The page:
Thin is the key.

Ok. Now it’s time to tackle the beast.

Spring rolls wrappers.

These guys kind of scared me because they look impossibly thin and fragile.

spring roll wrappers

Strange things.

To use them, pour some hot water on a plate and set a wrapper on the plate to soak up some of the water and soften up a bit. Flip it over once or twice and after maybe 15 seconds it should be loose and flexible.

rice paper soaking

I was pretty skeptical about my abilities here.

Here’s the thing that I wasn’t expecting about these wrappers that took me a minute to get used to: They are a lot stronger than they look. Once they’re wet, you can tug on them and really stuff them full and they are surprisingly strong.

So once your wrapper is wet, lay it out flat on your work surface, add a few strips of pork and veggies. I also ripped up some lettuce that I added to the rolls.

To key to making these work is where you put the filling. DON’T put it directly in the center of the wrapper. Put it about 2/3s toward the side closest to you and leave a good 1/2 inch to an inch around the sides of the filling.

This one is gonna be pretty stuffed.

filling added

You can pack in quite a bit.

Then fold over the end closest to you, tuck in the ends like you would a burrito and continue to roll the wrapper away from you.

Try to keep the filling as tight as possible during the rolling. As you roll, pull the filling toward you which will keep it nice and snug.

making rolls

Get it?

If it’s your first time making spring rolls, it’ll take you one or two to get the hang of it, but it’s completely doable.

I decided to slice all my rolls in half which showed off the pretty fillings.

roll cut

Will ya look at that?!

Once you roll them all, slice them up, and stack them on a plate, you’ll have a really beautiful presentation that’s healthy and very delicious.

It’s kind of a show stopper appetizer if you ask me.

spring rolls plated

So good and light.

Of course, my dinner guests were probably somewhat confused how the same person who managed this also managed to completely destroy a pot of rice, but hey. I like to keep people on their toes.

I would guess that with all the prep time and everything these guys took me about an hour to make (but you need to marinate the pork earlier) and they were completely worth it.

I think spring rolls are going to be my new thing and it isn’t even spring yet!

Are you a spring roll fan? Have you tried making them? Leave a comment!

15 comments on “Pork Spring Rolls

  1. I love Vietnamese Spring rolls but I've never tried them with pork, sounds good. I use shrimp in my rolls, the same veggies you use but I add rice vermicelli noodles. I also put my wet wrapper on a towel when I'm laying the filling on it. I got my recipe from a Hmong woman I worked with. The recipe was originally from her mother. The dipping sauce is fish sauce, white sugar, red pepper flakes and lime juice. I'll have to try the hoisin dipping sauce the next time I make it. Love your blog, Thank you!

    1. I was able to find them in my normal grocery store. Usually they are in the asian section on the very bottom shelf. Or any Asian market would have them obviously.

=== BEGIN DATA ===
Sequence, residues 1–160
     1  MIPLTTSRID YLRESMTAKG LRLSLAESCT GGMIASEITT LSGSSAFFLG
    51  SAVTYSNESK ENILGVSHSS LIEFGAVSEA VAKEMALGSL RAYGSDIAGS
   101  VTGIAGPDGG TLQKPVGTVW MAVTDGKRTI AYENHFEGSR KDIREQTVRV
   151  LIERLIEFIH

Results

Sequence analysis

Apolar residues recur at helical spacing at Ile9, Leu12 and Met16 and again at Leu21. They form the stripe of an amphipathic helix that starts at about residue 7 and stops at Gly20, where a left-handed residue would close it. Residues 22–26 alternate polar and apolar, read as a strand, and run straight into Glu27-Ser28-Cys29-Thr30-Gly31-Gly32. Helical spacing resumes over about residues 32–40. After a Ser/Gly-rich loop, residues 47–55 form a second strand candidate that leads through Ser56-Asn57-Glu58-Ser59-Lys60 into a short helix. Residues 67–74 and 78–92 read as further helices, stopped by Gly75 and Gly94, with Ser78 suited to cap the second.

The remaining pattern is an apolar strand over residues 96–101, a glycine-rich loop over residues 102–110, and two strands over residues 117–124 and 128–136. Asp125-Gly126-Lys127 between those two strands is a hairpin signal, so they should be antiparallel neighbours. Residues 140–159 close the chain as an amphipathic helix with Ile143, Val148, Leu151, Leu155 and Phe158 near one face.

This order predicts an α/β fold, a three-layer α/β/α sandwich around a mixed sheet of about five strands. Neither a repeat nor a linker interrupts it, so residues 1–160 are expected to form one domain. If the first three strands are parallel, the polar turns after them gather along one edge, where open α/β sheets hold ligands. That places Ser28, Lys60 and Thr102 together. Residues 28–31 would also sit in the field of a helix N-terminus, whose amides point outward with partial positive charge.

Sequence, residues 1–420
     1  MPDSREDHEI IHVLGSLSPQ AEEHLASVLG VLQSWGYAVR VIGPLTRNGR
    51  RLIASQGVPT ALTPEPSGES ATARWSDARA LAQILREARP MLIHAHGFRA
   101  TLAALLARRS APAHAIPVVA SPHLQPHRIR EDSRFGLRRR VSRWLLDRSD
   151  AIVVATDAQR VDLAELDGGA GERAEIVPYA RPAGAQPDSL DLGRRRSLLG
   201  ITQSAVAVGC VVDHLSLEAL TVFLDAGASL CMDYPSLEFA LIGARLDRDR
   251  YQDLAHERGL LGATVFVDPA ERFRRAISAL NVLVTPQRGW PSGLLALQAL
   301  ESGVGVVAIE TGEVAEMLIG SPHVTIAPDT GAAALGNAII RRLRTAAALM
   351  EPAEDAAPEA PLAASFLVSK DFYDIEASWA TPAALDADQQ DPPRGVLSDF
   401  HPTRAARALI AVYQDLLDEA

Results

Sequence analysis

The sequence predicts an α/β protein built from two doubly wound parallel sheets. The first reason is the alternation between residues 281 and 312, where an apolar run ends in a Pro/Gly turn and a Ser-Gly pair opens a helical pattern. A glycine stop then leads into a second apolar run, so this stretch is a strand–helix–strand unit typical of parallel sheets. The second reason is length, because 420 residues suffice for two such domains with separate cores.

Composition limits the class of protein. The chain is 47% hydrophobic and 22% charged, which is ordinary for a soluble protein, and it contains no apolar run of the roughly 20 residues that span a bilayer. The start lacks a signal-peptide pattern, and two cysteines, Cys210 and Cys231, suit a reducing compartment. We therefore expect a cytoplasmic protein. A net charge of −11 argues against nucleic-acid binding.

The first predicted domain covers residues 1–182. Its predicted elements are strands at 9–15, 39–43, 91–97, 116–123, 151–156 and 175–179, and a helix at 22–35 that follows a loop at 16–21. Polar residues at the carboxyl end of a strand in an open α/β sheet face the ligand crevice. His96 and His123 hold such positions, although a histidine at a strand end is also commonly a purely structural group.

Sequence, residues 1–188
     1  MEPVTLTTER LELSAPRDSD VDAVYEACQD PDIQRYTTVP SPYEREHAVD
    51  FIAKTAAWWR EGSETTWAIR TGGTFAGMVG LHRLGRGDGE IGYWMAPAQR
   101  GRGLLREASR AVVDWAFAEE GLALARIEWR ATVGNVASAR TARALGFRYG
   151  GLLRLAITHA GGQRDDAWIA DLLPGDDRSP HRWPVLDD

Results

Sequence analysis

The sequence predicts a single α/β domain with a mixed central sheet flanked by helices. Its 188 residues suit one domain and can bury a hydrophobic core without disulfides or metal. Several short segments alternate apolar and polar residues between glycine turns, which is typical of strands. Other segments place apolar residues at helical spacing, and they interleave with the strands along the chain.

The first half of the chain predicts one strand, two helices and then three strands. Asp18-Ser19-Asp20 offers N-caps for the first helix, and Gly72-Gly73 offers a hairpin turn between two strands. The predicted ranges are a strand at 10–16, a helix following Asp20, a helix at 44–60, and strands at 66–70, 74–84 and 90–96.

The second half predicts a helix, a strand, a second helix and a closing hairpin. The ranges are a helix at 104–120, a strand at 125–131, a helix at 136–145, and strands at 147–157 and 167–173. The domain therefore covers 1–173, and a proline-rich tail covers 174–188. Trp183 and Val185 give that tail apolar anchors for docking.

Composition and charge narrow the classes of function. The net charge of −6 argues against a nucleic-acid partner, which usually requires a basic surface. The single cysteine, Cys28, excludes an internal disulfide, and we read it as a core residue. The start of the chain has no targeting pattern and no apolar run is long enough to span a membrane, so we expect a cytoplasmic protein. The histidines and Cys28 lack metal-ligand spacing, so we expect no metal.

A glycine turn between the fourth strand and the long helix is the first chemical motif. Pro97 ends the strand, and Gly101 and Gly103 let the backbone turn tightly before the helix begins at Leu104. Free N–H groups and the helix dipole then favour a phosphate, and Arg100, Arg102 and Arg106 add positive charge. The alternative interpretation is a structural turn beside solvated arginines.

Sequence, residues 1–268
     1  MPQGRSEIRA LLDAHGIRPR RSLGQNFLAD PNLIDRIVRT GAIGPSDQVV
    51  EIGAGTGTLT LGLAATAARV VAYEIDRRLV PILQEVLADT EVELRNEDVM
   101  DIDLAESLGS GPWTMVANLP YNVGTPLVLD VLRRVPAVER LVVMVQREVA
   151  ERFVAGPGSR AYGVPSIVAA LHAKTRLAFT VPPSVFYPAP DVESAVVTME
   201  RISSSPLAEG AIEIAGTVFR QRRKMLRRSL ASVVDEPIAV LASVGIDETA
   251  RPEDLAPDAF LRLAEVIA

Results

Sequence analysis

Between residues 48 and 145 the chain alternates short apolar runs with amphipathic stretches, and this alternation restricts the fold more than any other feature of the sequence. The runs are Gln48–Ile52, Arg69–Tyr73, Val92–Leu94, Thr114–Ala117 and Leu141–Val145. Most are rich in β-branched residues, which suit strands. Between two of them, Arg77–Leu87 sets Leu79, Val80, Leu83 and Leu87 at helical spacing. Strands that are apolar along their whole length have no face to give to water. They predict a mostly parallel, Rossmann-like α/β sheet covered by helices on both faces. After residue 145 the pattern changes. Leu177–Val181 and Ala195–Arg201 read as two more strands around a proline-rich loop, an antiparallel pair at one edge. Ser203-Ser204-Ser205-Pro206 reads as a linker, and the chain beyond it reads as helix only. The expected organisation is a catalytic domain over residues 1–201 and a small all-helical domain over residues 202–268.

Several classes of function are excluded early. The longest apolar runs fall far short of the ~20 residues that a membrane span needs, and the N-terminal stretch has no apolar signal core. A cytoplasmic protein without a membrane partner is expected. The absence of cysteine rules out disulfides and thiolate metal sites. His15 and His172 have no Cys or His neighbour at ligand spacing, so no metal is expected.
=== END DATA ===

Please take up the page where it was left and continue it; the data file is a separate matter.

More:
2. do you have any alternatives for sauces? I can't do peanuts…

    my idea with the quinoa pasta and a sauce came from my little cousin who at one point was allergic to rice, wheat (gluten also), eggs, chicken and most nuts. He has grown out of all of the allergies but eggs and nuts. It was really fun cooking for him for a year or so after we found out about the allergies.

      1. Anita – my mom's tried and true recipe for nuoc cham, or fish dipping sauce, is:

        1 lime
        1.5 c Coco Rico coconut soda OR water if you can't find coconut soda
        1/4 c fish sauce (the 3 crabs, or squid, brands are good)
        5 tbsp sugar
        1 cloves garlic

        mince garlic & pepper
        then add lime juice & sugar
        then add coconut soda, stir to dissolve sugar
        add fish sauce last, taste and add more of whatever to your liking

        1. oh by "pepper" i meant like a thai chili pepper, or you can add Chili Garkic Sauce (the kind in a jar with the green lid) to taste.

  3. Hi Nick! Actually in Vietnamese, these are called "goi cuon" or "summer rolls" – spring rolls are actually fried and made with a different paper and ingredients. Also as a side note/trick, my mom always heated a big bowl of water, then you dip the entire paper in one 1/4 at a time and kind of quickly spin it around so it all gets wet… it's plenty of water and time to moisten, but doesn't leave the roll too soggy and wet. Yours look yummy ;)

    1. Oh, now I understand. I thought the pictures didn't look like the spring rolls I've had so far, but I am no expert. Thanks for clearing that up! I see you know what you are talking about, you have lots of experience with Chinese food I see. Have you ever made dishes using beluga caviar? I just discovered it, and I am desperately seeking some nice recipes to use them in. Thanks again! :)

  4. Can you tell me how many rolls this will make? I’m thinking of making this for a group potluck and not sure if I should double the recipe. Thanks!!

  5. These were fabulous. We ate them as our main and only course, but we added some asian noodles as well and doused the inside with the dipping sauce. I had to reduce the garlic for one person, but it tasted great with a mix of minced fresh ginger as well. These were very much like the ones we get at a local restaurant, but ours would win hands down! And that place is super popular. The biggest win was that my son loved them, veggies and all. That kid will be a food critic some day.